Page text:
Sue and Pamela from Bend, OR. Photo by Van.
I continued to eat, drink, and slow my pace but I still had very achy, tight legs. I could only manage a fast walk with occasional short running on the downs. It was frustrating because this was a nice rolling section along the flanks of gorgeous Mt. St. Helens. I tried not to think about all the people who were passing me. I made the right decision of slowing down as I came upon another runner who was flat on his back cramping. I offered my help, but he just wanted to be left alone. I totally related with that since I have been there many times before. I felt bad for him but kept moving. I noticed that the heat was shutting down my stomach. I was drinking plenty but just felt the water sloshing around. The only thing that helped it was to back off.
Footing became a big deal for me this race. Last year, I was strong enough to handle the technical footing. It was still good in this section except for when we went through the blast zone. There were also some stream crossings that were muddy, not really a good water source. We were able to get through these without getting our feet wet. I knew there was a small waterfall with great clean and cold water coming in a shaded area. Most spent a decent amount of time here cooling down and drinking. I filtered my water and continued on fairly quickly. Some more rolling and descending until a short steep climb. I was really struggling here because I was almost out of food when some of it had fallen out into my drop bag. It was at this time that I met Mark Jolin and Filip Boelen. I noticed Filip had a pretty big pack and asked if he had some extra food. He gave me 2 V-Fuel gels and that saved me until I got to Windy Pass aid station. After the climb, there was a steep descent, more rolling, and a little bit of climb before dropping to the Windy Pass aid station at 50K. I was feeling better at this point, with the sun going down and temps improving.
Stairs down to Windy Pass aid station. Photo by Van
Almost to the aid station thank gawd! Photo by Van.
Several runners were still there when I arrived, including Filip and Mark. That was the last I saw of Filip. The Bend girls had left. I had to go #2 (the first of many times-7) but the ground was too hard to dig a hole, so I stepped away from the aid station and used my scented doggie bags. That worked out well! I arrived here in 9 hrs 49 minutes, compared to last year's 8:35. It took me an extra hour to get through this exposed section.
I was feeling better and left strong. I did grab a couple gels but had packed a small zip lock of Oreo cookies and other goodies, only to leave them on the aid station table. Damn. I was going to run out again before the next aid station. Fortunately, I was able to hock another gel from a guy that I caught and passed. I had also just passed the Bend gals. They wanted me to tell their crew that they were on their way. This section went through some marsh areas, bushwacking, but overall runnable. I was walking the small hills, running the rest. The sun was going down but I knew that I would be able to get to the aid station before needing to get out my headlamp.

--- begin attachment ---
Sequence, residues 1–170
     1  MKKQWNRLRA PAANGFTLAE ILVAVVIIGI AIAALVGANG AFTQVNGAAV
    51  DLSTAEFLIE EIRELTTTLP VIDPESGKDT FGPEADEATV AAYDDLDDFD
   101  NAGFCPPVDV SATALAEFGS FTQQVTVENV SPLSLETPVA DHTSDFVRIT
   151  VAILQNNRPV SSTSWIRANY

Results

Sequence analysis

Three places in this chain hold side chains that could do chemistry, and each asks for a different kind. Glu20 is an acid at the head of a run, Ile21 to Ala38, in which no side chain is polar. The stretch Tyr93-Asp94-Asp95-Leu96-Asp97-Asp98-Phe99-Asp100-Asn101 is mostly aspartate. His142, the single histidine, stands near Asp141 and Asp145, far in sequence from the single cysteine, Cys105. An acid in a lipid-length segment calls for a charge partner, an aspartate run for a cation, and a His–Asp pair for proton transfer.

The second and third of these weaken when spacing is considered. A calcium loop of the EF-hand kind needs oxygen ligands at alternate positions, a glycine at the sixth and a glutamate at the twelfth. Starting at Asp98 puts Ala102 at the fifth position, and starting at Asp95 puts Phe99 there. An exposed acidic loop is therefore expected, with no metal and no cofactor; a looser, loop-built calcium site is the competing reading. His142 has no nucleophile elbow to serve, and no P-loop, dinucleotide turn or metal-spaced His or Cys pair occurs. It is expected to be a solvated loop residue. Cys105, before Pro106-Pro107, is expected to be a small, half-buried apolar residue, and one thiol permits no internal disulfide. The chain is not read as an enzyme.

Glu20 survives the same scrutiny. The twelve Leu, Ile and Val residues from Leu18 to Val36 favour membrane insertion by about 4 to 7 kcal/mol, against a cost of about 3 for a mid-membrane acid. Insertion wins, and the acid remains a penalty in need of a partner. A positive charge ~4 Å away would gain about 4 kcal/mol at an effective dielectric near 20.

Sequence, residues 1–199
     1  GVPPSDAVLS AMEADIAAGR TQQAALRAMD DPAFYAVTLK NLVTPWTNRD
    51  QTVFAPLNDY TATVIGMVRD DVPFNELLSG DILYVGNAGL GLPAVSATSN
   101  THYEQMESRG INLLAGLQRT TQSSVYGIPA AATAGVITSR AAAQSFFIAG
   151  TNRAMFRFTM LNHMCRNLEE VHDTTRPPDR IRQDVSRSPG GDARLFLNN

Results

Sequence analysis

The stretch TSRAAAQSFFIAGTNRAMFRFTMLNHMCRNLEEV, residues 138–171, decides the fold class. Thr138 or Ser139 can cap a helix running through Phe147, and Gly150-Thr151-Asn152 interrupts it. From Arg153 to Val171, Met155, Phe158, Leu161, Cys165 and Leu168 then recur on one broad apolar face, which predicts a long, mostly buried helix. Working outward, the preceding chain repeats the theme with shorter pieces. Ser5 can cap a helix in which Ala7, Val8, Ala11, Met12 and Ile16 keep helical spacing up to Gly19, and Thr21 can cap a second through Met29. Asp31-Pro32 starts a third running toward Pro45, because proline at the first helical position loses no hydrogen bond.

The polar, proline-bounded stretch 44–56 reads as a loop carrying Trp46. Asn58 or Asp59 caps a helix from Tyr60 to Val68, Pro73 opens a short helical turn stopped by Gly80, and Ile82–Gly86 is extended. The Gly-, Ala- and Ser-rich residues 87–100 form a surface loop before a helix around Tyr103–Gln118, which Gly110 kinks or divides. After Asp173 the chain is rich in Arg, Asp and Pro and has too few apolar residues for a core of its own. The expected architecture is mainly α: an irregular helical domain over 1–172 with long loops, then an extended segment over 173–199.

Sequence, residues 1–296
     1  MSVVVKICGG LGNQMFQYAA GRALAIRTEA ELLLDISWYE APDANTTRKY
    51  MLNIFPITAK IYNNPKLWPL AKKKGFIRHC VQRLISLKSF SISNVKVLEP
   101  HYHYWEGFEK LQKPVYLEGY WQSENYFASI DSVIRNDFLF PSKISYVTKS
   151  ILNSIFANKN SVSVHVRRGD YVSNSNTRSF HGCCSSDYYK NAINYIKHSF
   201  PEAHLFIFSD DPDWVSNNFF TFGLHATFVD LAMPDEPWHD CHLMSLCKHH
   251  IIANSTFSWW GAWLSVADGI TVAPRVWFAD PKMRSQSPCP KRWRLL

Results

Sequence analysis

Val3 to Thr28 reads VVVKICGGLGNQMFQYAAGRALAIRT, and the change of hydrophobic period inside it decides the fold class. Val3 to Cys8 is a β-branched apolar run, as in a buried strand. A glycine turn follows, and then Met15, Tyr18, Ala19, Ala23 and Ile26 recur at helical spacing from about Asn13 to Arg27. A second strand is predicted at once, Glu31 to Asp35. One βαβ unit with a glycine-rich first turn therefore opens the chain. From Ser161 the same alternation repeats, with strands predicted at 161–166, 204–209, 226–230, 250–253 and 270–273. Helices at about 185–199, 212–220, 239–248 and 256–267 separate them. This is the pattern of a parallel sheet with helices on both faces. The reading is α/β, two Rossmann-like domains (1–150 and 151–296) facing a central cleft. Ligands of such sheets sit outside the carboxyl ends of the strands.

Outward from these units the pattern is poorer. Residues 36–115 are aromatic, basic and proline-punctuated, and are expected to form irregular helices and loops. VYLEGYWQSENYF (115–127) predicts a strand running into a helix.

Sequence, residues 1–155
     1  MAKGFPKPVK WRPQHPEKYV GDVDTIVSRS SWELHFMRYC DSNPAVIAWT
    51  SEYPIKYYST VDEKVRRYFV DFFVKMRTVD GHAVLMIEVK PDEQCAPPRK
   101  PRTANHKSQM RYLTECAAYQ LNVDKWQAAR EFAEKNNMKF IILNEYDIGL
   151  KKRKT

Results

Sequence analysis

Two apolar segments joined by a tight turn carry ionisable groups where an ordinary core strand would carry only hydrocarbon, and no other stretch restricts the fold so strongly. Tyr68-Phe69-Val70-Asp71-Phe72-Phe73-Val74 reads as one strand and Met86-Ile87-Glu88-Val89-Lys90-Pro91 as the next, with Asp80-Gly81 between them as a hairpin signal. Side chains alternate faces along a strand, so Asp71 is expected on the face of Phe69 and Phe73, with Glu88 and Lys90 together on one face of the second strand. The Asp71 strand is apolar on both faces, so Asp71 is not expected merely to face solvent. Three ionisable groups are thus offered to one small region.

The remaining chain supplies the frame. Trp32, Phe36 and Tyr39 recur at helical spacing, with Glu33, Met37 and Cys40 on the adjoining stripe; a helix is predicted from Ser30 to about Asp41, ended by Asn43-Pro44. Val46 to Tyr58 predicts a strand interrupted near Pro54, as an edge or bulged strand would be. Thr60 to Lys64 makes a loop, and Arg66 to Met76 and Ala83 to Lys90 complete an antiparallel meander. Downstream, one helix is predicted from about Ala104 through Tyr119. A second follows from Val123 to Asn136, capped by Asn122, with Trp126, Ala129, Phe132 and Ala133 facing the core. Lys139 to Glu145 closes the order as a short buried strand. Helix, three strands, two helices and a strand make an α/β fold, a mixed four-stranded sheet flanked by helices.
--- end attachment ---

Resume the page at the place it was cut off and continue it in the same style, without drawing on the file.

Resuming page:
I arrived at Johnston Ridge aid at 39 miles in 11 hrs 49 minutes compared to 10:43 last year. I was pretty wasted when I came in, not focused and forgot to put my SPOT on my new pack. I didn't realize it until I was about 2 miles out, so not practical to go back for it. I had switched to a lighter Scott Jurek pack for the short leg of 6.6 miles, mostly downhill. I did eat half a hamburger before I left. I moved along okay, not slow, but not fast. My asthma was affecting me a little and I had to use my inhaler. This section is mostly downhill with short ups, again all runnable. I did run some of them, walked a few. The down helped with my asthma, allowing me to clear my lungs, less taxing on them. I hit the road into Coldwater. The markers were hard to see here even with the reflectors. It would have been great to have some flour arrows or something on the ground. I ran in strong to Coldwater where David Molenaar was waiting for me. He had been waiting a while. I arrived at 13 hours 30 minutes (or 10:30 pm). Last year, I got here at 12 hours 27 minutes. I was ready to get moving but decided I had better get my SPOT back. Fortunately, Matt and Betsy were there and Matt drove the 7 miles to Johnston to get my tracker. Thank you Matt! Betsy had missed the cut off at Blue Lake. She had struggled with the heat. I waited at the aid station for 30 minutes before I could leave, anxious now to make up some time, which was not a good strategy.